Describing another experience on public transport, Nazlı explained: “I was traveling to the CNR Expo Center by subway. While I was getting off the metro at the station, one of the wheels of my chair was stuck in a gap between the metro and the station platform. The metro began to move. One of the passengers inside the metro pushed me to save my life, but his hands unfortunately stayed between the doors of the metro.”
Complaining about public bus drivers, Nazlı said that bus drivers’ attitudes towards persons with disabilities are poor. “The bus drivers pretend not to see persons with disabilities waiting at the bus stations. Some of them stop only when there are some people without disabilities standing at the bus stations. They underestimate us, as we can use public transport without paying. The bus drivers should be educated in this regard, and should be more sensitive toward disabled persons,” Nazlı said.
Mustafa Kırımlı (40), retired from the İstanbul Transportation Authority (İETT) General Directorate, said that accessible lifts are available in a limited number of metro and metrobus stations. However, “accessible lifts are generally used by persons without disabilities, who force persons with disabilities to wait for a while in front of those elevators to get in. Persons without disabilities should be more sensitive about this issue. They should not occupy the spaces or facilities that are allocated for the use of persons with disabilities.”
The head of the İstanbul branch of the TSD, Murat Kemal Yüksel, told Sunday’s Zaman that although all public and apartment buildings should have been built accessible for persons with disabilities after the passing of the 2005 law, not every building allows full access for persons with disabilities in Turkey.
Yüksel further stated that most multi-storey buildings don’t have either lifts or access ramps at the entrance, rendering them inaccessible for wheelchair users.
“As full citizens, people with disabilities have to be granted full access to all aspects of society on an equal basis with others, including buildings, facilities and services provided to the public. They are also entitled to education, healthcare and employment, and accessibility is key for them to realize their rights,” Yüksel stated.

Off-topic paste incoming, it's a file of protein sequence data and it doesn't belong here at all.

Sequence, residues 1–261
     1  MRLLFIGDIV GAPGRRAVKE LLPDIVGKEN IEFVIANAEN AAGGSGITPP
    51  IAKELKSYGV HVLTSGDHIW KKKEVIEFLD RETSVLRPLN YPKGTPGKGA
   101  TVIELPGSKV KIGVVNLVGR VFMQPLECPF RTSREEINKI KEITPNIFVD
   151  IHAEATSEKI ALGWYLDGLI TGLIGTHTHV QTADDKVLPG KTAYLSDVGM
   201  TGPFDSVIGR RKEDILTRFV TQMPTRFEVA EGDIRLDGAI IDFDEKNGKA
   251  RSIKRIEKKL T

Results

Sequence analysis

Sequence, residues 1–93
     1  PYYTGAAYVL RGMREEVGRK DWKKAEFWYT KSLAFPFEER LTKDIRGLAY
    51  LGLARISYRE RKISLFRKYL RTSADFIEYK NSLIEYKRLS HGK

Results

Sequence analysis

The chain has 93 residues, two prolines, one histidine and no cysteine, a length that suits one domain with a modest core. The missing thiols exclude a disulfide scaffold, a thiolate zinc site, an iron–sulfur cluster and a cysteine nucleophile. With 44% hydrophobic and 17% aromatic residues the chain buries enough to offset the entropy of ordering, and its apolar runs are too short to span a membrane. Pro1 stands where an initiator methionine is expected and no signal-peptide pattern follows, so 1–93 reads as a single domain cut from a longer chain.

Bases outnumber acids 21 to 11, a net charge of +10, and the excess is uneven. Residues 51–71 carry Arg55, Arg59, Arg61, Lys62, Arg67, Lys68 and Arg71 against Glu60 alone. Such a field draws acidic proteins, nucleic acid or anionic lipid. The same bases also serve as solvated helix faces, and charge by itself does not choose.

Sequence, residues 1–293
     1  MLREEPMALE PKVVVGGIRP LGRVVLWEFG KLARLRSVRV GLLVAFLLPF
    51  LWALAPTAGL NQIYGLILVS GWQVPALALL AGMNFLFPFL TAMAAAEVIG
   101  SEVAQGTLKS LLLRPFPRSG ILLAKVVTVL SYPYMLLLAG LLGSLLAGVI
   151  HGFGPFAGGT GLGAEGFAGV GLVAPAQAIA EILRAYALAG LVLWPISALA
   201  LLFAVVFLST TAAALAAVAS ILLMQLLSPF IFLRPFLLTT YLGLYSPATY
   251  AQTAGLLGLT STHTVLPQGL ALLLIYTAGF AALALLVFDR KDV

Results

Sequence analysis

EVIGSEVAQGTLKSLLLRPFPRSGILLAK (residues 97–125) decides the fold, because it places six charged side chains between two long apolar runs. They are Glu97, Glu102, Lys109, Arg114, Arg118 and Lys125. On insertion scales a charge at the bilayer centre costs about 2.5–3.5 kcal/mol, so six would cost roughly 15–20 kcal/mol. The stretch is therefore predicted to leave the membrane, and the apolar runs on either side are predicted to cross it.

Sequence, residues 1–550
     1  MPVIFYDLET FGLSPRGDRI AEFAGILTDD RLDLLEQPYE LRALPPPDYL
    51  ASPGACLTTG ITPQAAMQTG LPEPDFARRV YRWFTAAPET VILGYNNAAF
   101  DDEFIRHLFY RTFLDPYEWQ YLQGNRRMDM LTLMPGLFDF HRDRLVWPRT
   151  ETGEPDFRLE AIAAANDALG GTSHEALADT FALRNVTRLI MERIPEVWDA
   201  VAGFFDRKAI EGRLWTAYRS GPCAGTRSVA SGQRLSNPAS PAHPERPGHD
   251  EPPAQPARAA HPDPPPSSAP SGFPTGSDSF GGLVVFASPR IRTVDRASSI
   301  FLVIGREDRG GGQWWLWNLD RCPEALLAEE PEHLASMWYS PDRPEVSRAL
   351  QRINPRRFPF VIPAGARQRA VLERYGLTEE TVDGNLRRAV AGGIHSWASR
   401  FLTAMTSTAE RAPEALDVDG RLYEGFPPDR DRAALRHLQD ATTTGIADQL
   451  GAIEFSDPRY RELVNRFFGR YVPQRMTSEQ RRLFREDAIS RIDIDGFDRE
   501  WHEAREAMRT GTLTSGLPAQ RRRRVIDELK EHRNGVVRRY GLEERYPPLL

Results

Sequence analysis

“We [the TSD] promote the active inclusion and full participation of persons with disabilities in society,” Yüksel continued, adding that if disabled persons are unable to participate in activities outside their homes, they will go unnoticed, and neither the government nor the local administrations will try to improve accessibility for them.
Regarding the accessibility of public services for people with vision disabilities, Turkish Association of the Blind President Ahmet Cantürk told that among the problems people with vision disabilities experience are unreadable packaging or instructions connected with items such as medication or information booklets, and unsuitable public transport in terms of easy access for handicapped persons.
Cantürk added that although there have been some efforts by the state to provide accessibility for people with vision disabilities in recent years, these efforts are not satisfactory. “There is a large amount of money allocated for projects addressing the accessibility problems of people with vision disabilities. This money is being spent unnecessarily; the money is not spent on the primary needs of the blind,” he said.
Cantürk also said that the state should cooperate with nongovernmental organizations representing people with vision disabilities to achieve full accessibility.